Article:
SACRAMENTO (AP) -- Police have arrested a woman who threw a feminine hygiene device containing "what appeared to be blood" onto the floor of the California state Senate, splashing onto lawmakers and forcing them to finish their work in a committee room on the final day of the legislative session.
Senators had just finished taking a vote about 5:14 p.m. Friday when a woman tossed the substance onto the floor of the Senate from the public gallery, saying: "That's for the dead babies."
The California Highway Patrol identified the woman as 43-year-old Rebecca Dalelio. She faces several charges, including assault, vandalism and disrupting "the orderly conduct of official business" at the state Capitol.
Police say Dalelio walked out of the gallery and did not resist when she was arrested. The news release did not give a motive, referring to the woman as a "demonstrator." But the action came as hundreds of people protested at the Capitol against a recently signed state law seeking to crack down on fraudulent medical exemptions for vaccinations.
Several lawmakers sought to link the woman to the protesters, including Sen. Richard Pan, who last month was shoved in the back by a protester as he was walking near the Capitol.
"This incident was incited by the violent rhetoric perpetuated by leaders of the antivaxx movement," Pan said in a news release. "As their rhetoric escalates, their incidents of violence does as well. This is an attack on the democratic process and it must be met with strong condemnation by everyone."
The drama unfolded on the final day of the Legislative session, with lawmakers still having several key bills to debate before adjourning for the year. With authorities still investigating what the substance was, Senate leadership decided lawmakers would finish their work in a smaller committee room. Legislative aides scrambled to move the Senate's work to the room as journalists and others watched from an upstairs balcony.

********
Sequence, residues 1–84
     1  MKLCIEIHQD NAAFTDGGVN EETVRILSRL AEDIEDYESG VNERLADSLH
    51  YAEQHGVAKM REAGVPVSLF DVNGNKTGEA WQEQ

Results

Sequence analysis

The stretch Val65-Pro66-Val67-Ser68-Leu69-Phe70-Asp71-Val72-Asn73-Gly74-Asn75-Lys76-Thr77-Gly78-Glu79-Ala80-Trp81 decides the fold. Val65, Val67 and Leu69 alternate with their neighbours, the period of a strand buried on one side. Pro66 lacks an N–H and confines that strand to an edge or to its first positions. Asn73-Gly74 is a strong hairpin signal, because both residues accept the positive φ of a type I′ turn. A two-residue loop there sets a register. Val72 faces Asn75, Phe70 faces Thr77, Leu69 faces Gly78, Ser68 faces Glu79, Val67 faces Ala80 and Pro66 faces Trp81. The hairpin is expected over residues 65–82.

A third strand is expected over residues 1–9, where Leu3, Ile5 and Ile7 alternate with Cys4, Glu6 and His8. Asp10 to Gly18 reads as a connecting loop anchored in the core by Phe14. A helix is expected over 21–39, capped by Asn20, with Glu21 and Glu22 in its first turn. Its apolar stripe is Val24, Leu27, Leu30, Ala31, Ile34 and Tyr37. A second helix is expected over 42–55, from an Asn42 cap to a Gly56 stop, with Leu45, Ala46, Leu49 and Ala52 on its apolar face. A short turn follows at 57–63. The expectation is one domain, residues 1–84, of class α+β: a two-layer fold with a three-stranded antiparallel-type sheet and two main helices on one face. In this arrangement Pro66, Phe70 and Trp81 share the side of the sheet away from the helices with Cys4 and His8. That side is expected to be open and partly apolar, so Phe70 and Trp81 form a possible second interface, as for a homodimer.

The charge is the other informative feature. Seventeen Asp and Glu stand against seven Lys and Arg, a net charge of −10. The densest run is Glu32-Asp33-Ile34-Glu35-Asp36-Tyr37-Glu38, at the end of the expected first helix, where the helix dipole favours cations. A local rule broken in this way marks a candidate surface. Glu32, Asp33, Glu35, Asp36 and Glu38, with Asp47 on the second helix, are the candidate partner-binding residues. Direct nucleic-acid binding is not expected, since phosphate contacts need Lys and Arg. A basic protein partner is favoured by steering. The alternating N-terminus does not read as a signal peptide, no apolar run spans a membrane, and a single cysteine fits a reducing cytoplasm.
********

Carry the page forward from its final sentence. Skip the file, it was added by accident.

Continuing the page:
"A crime was committed today, but the Senate will not be deterred from completing the Senate's business," Senate President Pro Tempore Toni Atkins told lawmakers as the Senate reconvened.
Many Republicans had opposed the vaccine bill. But on Friday, Senate Republican Leader Shannon Grove condemned the act and apologized to her colleagues for the disruption.
"The person that is in question should be prosecuted to the fullest extent of the law," Grove said.
Democratic Sen. Steve Glazer said the liquid landed on his head. He also said five other senators were struck by the liquid.
"I'm going to take a shower," Glazer told reporters crowded in the hallway outside the Senate chambers. "We have work to do."
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